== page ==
Saturday Mornings with Biscuits


When I was growing up, Saturday mornings always meant biscuits with molasses. Homemade biscuits, of course. My mother was a biscuit maker. My biscuit mix is based on my mother’s biscuit recipe, which came from her mother before her.

In my Oklahoma grandmother’s farmhouse kitchen, there was a stand-alone cabinet with a big bin of flour over a sifter that was part of the cabinet. The flour bin held lots of flour, and even in Depression times, that was one thing farmers had in plenty. My grandfather would save wheat out of the harvest and take it to the mill to have it ground into flour. Because people were so poor, they would put it in printed materials instead of plain sacks.

In my mother’s words: “Sometimes Mama would go with Daddy to choose the prints and sometimes he’d do it himself. They were all so pretty, he couldn’t make a mistake. So Mama not only made the bread, but they grew the wheat for the flour and I had lots of pretty dresses to show for it. Mama would take me to town and we’d shop til I found a dress I liked, then we’d go home and Mama would cut out a pattern for it and make it.”

One of her fondest memories of her mother is of all those times she watched her work at that stand-alone kitchen cabinet making biscuits in the big wooden bread bowl that always stayed just below the sifter. When she was ready to make bread, she just turned the sifter handle and flour came down into the bowl.

“I can just see Mama making the biscuits, mixing mostly with her hands, then throwing a little flour on the dough board, cutting the biscuits out. When they were in the oven she pushed the mixing bowl back under the sifter and closed the door. Rarely did she wash the bowl so that the nest of flour was ready for the next time.”

Some of my fondest memories of my childhood are the same–my mother making biscuits. She didn’t have a stand-alone cabinet with a built-in sifter and a bowl always at the ready, but she might as well have since she made biscuits on a regular basis. You could always count on them on Saturday mornings. She’d poke the small end of a spoon or knife into the soft, still-warm-from-the-oven biscuits then pour molasses in the hole and that’s how we’d eat them. We always brought molasses back whenever we went to West Virginia. I can’t remember a time in my life that we didn’t have West Virginia molasses in the house. How would we eat biscuits without that?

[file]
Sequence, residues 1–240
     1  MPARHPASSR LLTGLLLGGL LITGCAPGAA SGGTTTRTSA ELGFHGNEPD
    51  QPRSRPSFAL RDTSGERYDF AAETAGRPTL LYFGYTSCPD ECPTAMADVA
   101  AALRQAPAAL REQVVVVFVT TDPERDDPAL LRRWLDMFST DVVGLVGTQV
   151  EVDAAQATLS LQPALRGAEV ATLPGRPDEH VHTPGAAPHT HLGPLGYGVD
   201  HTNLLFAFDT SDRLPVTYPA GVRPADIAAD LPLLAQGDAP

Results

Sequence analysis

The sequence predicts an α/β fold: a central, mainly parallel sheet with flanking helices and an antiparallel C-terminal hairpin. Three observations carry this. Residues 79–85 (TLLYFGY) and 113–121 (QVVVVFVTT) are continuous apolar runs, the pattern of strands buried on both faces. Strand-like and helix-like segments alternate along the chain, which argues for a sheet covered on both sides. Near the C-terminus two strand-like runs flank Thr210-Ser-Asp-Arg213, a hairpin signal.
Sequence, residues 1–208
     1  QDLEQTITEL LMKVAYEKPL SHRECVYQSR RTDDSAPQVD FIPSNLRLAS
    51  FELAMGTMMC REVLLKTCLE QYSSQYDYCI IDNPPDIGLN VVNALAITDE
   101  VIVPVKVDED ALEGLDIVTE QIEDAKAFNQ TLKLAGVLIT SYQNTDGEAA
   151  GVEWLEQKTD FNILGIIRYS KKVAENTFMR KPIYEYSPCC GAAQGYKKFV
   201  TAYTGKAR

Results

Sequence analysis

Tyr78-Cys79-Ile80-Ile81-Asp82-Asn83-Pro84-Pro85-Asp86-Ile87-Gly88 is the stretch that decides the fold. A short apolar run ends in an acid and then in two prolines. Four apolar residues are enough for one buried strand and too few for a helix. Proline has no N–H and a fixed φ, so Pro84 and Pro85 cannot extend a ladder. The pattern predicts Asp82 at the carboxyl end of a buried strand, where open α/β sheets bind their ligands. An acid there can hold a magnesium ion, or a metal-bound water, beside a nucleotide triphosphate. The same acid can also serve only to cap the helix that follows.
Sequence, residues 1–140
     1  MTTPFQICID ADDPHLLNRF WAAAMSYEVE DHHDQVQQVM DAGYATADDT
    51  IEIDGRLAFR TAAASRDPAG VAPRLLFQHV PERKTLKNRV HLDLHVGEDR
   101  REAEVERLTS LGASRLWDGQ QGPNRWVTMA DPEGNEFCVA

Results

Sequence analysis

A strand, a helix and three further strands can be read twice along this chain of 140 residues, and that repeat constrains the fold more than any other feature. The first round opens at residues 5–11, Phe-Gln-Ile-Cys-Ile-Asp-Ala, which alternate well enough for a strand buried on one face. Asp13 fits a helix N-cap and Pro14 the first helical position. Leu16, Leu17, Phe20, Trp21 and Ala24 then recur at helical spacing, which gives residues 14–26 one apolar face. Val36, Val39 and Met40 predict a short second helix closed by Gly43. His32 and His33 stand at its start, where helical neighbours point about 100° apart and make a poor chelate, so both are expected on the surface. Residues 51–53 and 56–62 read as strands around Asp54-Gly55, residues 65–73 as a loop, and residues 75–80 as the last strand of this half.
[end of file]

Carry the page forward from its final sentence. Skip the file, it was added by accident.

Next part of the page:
It’s amazing how many memories are built around food. Food is basic but deep, simple but evocative.

Make something meaningful out of breakfast this weekend. Someday, somebody’s gonna remember what you fixed for them–make it yummy!

Here are a few of my favorites if you’re looking for ideas:

My Biscuits (and more–how to make my Quick Mix for biscuits, muffins, pancakes)
Breakfast with Grandmother Bread
The Ultimate Breakfast Casserole
Biscuits & Gravy
Overnight Cinnamon Rolls
Over-the-Top Cinnamon-Streusel Biscuits
Hot, Fresh Glazed Doughnuts
Cinnamon Crispies
Biscuit Twists
Sour Cream Raisin Biscuits
Apple Butter Coffee Cake
Homemade PopTarts


  1. Ruth says:

    I wore dresses made from chicken feed sacks that my grandparents would get (they had chickens then). I think I still have some of the material, even, though it’s been about fifty years or so ago. My husband’s mother had one of those sifter cabinets at one time. Now there’s a kitchen “gadget” I truly covet, talk about handy! I remember buying some flour in cloth sacks about twenty years ago when we lived in Tehachapi, CA, but I haven’t seen any since then.

  2. Kathryn says:

    I have a quilt, an apron and several unfinished quilt blocks that my maternal grandmother made from feed sacks. I had some of the cutest clothes when I was little made from feed sacks, too! One of my great-aunts made me a doll as well. I still have him, and love him.

    Please thank your mama for sharing her memories of the Hoosier cabinet and biscuit making. What a wonderful story!

  3. Box Call says: